A Shabbat Message from Rabbi Bob Freedman:
Remember the joke? An old curse says, "May you live in interesting times." Thanks to the corona virus we're in the middle of as "interesting" a time as any of us can remember. However, it's good to be mindful of another adage to set against the "curse:" "Never fail to take advantage of a good crisis. Make of it a growth opportunity." This opportunity, like many before it, grows out of a challenge to preserving Jewish community. (I'm clapping my hand to my forehead and exclaiming, "Oh no! Not another growth opportunity!")
Judaism has been beset by growth opportunities for a long time. Remember back to when the temple was completely destroyed by the Romans in 70 CE. The rabbis were facing the necessity of preserving a tradition whose central means of worship was no longer there. By chance or foresight the mechanisms were already in place. Synagogues and batei midrash, where Jews gathered to perform the mitzvot of prayer and study, had been in operation for many years. The rabbis and lay leaders, drawing on the experience of multiple Jewish teachers and communities, set about analyzing and formalizing public and private (at home) observance. Synagogues were built so that worshipers faced where the Temple once stood. Torah scrolls were put in an aron kodesh reminiscent of the holy of holies in the Temple where the ark of the covenant once sat. In homes, on Shabbat, the dining table with two hallot on it represented the altar and the bread stand that stood in the inner sanctum. The menorah lit by the priests became two lamps or candles lit by the mistress of the house assuming the role of priestess. In place of worship limited to priests in a (no longer existing) Temple, the rabbis democratized Judaism, putting family and community at the center of Jewish observance.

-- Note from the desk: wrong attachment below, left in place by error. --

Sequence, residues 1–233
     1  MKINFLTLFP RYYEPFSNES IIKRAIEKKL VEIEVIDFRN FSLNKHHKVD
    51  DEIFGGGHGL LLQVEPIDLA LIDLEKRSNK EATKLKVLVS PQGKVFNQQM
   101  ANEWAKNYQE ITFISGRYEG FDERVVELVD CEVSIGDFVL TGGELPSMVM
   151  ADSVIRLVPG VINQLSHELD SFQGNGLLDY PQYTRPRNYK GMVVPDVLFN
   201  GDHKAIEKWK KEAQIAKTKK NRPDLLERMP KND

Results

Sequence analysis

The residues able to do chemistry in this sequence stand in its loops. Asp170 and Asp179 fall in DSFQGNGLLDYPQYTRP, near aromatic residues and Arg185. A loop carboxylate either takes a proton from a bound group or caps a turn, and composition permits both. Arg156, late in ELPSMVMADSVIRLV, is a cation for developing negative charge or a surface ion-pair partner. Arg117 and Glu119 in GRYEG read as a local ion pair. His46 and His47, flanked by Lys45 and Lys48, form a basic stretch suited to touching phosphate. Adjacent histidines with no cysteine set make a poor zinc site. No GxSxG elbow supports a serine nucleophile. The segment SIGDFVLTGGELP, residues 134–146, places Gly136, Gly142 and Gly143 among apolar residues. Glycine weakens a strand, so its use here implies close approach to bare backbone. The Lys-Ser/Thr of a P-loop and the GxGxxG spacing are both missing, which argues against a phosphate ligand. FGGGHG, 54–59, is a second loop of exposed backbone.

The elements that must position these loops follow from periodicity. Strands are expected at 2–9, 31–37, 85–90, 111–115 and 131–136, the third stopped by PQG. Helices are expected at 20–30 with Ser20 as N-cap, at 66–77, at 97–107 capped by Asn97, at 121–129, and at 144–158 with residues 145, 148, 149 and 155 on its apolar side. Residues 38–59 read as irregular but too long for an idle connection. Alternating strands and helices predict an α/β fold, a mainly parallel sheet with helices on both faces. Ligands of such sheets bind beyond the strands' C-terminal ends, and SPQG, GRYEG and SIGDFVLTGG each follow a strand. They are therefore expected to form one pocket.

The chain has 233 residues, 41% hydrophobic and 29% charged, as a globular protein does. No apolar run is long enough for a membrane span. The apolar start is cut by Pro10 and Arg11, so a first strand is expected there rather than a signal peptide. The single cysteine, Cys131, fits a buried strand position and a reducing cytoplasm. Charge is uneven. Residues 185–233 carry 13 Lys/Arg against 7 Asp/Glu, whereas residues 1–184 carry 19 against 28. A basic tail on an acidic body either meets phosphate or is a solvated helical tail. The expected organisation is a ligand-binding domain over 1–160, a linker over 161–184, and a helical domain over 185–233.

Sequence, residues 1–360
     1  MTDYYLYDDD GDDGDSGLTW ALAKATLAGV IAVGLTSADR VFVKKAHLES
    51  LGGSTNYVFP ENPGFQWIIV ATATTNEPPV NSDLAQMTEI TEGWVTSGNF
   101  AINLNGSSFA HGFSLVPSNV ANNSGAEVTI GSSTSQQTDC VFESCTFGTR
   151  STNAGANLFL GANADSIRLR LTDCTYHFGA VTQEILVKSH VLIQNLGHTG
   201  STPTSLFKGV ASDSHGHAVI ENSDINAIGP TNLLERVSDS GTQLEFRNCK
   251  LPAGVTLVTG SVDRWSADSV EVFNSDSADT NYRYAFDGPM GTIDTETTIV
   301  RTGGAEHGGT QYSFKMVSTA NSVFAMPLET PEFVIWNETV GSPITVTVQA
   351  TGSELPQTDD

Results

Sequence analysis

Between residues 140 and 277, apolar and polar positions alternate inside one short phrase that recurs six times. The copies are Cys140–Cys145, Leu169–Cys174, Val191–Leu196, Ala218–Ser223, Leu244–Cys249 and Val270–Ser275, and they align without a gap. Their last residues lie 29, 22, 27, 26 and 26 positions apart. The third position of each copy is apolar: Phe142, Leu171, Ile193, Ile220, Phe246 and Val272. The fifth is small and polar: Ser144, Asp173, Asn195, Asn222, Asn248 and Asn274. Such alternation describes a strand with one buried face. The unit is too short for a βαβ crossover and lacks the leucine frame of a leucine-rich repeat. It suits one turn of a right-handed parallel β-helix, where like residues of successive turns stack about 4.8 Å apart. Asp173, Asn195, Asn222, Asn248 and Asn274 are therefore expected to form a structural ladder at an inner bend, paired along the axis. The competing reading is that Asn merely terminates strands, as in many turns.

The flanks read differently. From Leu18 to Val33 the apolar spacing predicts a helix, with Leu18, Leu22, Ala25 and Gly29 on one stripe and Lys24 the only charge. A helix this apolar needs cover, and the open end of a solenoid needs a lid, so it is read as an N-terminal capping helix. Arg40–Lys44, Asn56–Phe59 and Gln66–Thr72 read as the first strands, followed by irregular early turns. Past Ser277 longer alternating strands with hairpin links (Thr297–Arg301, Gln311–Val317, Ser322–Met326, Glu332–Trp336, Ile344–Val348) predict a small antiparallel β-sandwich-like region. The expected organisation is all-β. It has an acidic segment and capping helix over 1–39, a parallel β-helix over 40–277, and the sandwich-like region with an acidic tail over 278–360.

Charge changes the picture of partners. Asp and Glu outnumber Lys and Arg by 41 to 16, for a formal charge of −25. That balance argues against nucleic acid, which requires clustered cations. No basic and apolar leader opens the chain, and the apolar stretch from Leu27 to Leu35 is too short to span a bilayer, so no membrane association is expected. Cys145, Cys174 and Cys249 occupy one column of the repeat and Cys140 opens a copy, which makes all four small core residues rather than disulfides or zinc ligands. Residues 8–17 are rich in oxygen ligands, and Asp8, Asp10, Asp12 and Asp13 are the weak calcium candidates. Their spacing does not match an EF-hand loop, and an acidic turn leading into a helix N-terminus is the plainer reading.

Closer to our time, following World War 2, Jews no longer lived within walking distance of synagogues. No surprise, Jews weren't coming to services! The Conservative Movement's Committee on Law and Standards, looking back to their teachers from two millenia before, decided that public worship, convening the community, was a primary need greater than the halachah that prohibited driving on Shabbat. In 1950 they issued a t'shuvah, a position paper saying that families who lived farther than walking distance could drive to the synagogue, but only to the synagogue, on Shabbat.
Now we are coping with quarantine measures that prevent us from gathering a live Jewish community in our sanctuary. But the need for community is still great! Referring to a paper from the Conservative Movement's Rabbinic Assembly and comments from other colleagues, I proposed that for these times, in this community, our gathered faces in a video conference could constitute a minyan for the recitation of Mourners Kaddish. Wednesday morning there were thirteen faces in our Zoom window by the end of the morning service. I recited El male rachamim for two yahrzeits, began reciting kaddish yatom with the mourners, and thought, "How fascinating to live in such interesting times!"
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